Class 8 History Chapter 4 Tribals, Dikus and the Vision of a Golden Extra Questions
Class 8 History Chapter 4 Tribals, Dikus and the Vision of a Golden Extra Questions and Answers are provided here. These Extra Questions with solution are prepared by our team of expert teachers who are teaching in CBSE schools for years. Extra questions for Class 8 History Chapter 4 will help you to properly understand a particular concept of the chapter.
Tribals, Dikus and the Vision of a Golden Class 8 History Extra Questions and Answers
Very Short Answer Type Question
1. Name the tribe of ‘Birsa’.
2. Who were Mundas?
Answer: Mundas was a tribal group that lived in Chottanagpur.
3. Birsa belonged to which village and state?
Answer: Birsa belonged to village of Chottanagpur in Bihar.
4. When and where revolt of Songram Sangma took place?
Answer: The revolt of Songram Sangma took place in 1906 in Assam.
5. Name the place where Khond people used to live?
Answer: Khond people used to live in the forests of Orissa.
6. Why did the British reserve the forests of India?
Answer: British reserved the forests of India to procure timber.
7. What does Vaishnav mean?
Answer: Vaishnav means worshippers of Vishnu.
8. When did Birsa Munda died and how?
Answer: In 1900 Birsa died of cholera.
9. What is the other name of jhum cultivation?
Answer: The other name of Jhum cultivation is shifting cultivation.
10. When and where was the forest satyagraha happened?
Answer: The forest satyagraha happened in 1930s in the Central Provinces.
11. It was below the dignity of which tribe to become a labourer?
Answer: It was below the dignity of a Baiga to become a labourer.
12. What was the color of the flag raised by Mundas as a symbol of Birsa Raj?
Answer: They raised the white flag as a symbol of Birsa Raj.
13. Name the leaves used for making plates by the Dongria Kandha women of Orissa.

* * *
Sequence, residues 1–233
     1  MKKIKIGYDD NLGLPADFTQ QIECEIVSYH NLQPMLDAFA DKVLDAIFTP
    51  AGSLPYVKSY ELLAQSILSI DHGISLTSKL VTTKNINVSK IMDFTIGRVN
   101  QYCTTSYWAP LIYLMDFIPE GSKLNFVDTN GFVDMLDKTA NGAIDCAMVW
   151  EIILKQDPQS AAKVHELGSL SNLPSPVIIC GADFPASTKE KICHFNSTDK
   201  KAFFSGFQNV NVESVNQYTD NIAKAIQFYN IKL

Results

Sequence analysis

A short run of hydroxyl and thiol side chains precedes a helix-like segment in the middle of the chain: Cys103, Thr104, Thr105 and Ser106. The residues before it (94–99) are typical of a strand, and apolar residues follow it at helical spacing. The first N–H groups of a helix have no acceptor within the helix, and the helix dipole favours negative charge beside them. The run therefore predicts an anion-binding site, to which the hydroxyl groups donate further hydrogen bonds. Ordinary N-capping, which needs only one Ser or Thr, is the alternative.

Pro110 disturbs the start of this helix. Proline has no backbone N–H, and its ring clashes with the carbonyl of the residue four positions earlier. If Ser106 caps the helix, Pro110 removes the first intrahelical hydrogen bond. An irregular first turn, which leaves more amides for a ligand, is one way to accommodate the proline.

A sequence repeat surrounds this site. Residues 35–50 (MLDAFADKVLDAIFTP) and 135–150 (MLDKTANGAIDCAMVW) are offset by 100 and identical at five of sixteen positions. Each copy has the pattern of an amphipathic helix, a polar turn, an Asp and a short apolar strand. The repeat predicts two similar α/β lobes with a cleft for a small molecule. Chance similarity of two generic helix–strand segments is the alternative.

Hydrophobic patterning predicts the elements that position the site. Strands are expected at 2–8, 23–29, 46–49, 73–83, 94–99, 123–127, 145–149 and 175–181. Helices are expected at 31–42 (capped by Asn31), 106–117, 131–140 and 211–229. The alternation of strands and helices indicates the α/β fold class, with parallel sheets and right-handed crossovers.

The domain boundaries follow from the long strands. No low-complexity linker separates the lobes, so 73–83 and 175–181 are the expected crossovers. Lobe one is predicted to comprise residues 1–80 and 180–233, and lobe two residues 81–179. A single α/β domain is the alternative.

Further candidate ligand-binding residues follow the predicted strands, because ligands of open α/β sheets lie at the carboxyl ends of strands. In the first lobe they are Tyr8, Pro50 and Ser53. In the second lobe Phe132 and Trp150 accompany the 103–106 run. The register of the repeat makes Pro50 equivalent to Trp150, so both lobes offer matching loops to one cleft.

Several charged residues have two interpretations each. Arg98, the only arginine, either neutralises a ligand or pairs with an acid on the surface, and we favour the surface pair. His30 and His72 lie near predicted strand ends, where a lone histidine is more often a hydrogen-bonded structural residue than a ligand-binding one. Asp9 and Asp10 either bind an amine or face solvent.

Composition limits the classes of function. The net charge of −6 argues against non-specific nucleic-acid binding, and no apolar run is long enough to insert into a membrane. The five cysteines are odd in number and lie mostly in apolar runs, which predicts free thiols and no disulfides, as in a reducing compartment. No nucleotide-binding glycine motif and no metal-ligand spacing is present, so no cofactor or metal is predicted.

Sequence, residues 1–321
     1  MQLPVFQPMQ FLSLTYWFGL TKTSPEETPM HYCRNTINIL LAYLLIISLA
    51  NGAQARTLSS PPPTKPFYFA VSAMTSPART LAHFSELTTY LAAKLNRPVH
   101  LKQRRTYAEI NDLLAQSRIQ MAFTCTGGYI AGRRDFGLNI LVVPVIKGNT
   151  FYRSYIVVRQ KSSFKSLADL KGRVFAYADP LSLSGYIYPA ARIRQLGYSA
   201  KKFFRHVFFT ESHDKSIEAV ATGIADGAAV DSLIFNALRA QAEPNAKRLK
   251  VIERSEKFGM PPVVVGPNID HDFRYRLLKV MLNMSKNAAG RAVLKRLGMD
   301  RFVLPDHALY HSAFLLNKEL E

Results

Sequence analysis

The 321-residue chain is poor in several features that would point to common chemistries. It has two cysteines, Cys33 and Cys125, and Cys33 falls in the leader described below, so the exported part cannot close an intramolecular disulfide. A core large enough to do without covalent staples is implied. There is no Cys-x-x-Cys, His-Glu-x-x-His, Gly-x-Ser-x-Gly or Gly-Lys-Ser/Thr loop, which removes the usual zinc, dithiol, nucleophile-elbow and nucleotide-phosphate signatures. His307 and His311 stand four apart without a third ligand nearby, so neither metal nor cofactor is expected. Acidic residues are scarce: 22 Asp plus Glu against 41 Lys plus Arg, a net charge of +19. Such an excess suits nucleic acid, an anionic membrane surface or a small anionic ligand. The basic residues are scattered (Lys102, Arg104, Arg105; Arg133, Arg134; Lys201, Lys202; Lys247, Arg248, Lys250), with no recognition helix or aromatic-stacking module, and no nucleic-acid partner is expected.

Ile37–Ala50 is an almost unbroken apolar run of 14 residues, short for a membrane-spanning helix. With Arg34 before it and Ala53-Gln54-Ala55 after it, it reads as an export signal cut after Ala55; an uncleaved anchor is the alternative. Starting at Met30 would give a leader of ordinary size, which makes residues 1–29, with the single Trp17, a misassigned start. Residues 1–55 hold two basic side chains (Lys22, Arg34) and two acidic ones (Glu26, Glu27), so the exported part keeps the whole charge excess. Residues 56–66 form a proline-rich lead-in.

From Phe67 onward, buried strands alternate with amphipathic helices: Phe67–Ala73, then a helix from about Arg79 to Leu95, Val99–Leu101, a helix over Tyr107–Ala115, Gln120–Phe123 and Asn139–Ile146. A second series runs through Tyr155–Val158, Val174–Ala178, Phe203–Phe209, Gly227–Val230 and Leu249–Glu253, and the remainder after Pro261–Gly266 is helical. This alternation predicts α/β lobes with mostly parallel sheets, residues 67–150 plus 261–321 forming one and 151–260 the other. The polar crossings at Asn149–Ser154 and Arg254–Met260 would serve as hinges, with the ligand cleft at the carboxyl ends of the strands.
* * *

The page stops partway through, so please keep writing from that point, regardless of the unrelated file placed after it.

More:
Answer: Pandanus leaves
14. In which area the Santhals reared cocoons?
Answer: Hazaribagh, in present-day Jharkhand, was an area where the Santhals reared cocoons.
15. What is fallow field?
Answer: Fallow field is a field left uncultivated for a while so that the soil recovers fertility.
16. Why did the British introduce land settlement?
Answer: The British introduced land settlement because they wanted a regular revenue source for the state.
17. Why were some forests classified as reserved forests by the British?
Answer: Some forests were classified as reserved forests for they produced timber which the British wanted.
18. Who were the outsiders being referred to as dikus?
Answer: Missionaries, moneylenders, Hindu landlords, and the British government were the outsiders being referred to as dikus.
19. Why was Birsa convicted?
Answer: British arrested Birsa in 1895, convicted him on charges of rioting and jailed him for two years.
20. Why did forest Department establish forest villages in many regions?
Answer: Forest Department established forest villages in many regions to ensure a regular supply of cheap labour.
21. What did people say about Birsa Munda?
Answer: People said he had miraculous powers – he could cure all diseases and multiply grain.
22. Which tribal groups moved with their herds of cattle or sheep according to the seasons?
Answer: They were pastoralists who moved with their herds of cattle or sheep according to the seasons.
23. Name the revolts that took place against the colonial forest laws.
Answer: The revolt of Songram Sangma in 1906 in Assam, and the forest satyagraha of the 1930s in the Central Provinces.
Short Answer Type Questions
1. Who was Birsa Munda?
Answer: Birsa was born in the mid-1870s. The son of a poor father, he grew up around the forests of Bohonda, grazing sheep, playing the flute, and dancing in the local akhara.
2. Why British allowed Jhum cultivation in the reserved forests?
Answer: British allow them to cultivate land on the condition that those who lived in the villages would have to provide labour to the Forest Department and look after the forests.
3. Which tribal group was reluctant to work for others and why?
Answer: Baigas of central India – were reluctant to do work for others. The Baigas saw themselves as people of the forest, who could only live on the produce of the forest. It was below the dignity of a Baiga to become a labourer.
4. What problems did Birsa set out to resolve?
Answer: Problems Birsa set out to resolve were:
- Their familiar ways of life seemed to be disappearing.
- Their livelihoods were under threat.
- Their religion appeared to be in danger.
5. Why did the British want tribal groups to settle down and become peasant cultivators?
Answer: British wanted tribal groups to settle down and become peasant cultivators because settled peasants were easier to control and administer than people who were always on the move.
6. State the five tribes found in India. Write the name of the Indian state where maximum tribes are found.
Answer: The Van Gujjars of the Punjab hills, the Labadis of Andhra Pradesh, the Gaddis of Kulu, the Bakarwals of Kashmir and Santhals of Hazaribagh, in present-day Jharkhand.
7. How did British officials see settled tribal groups and those who lived in the forest?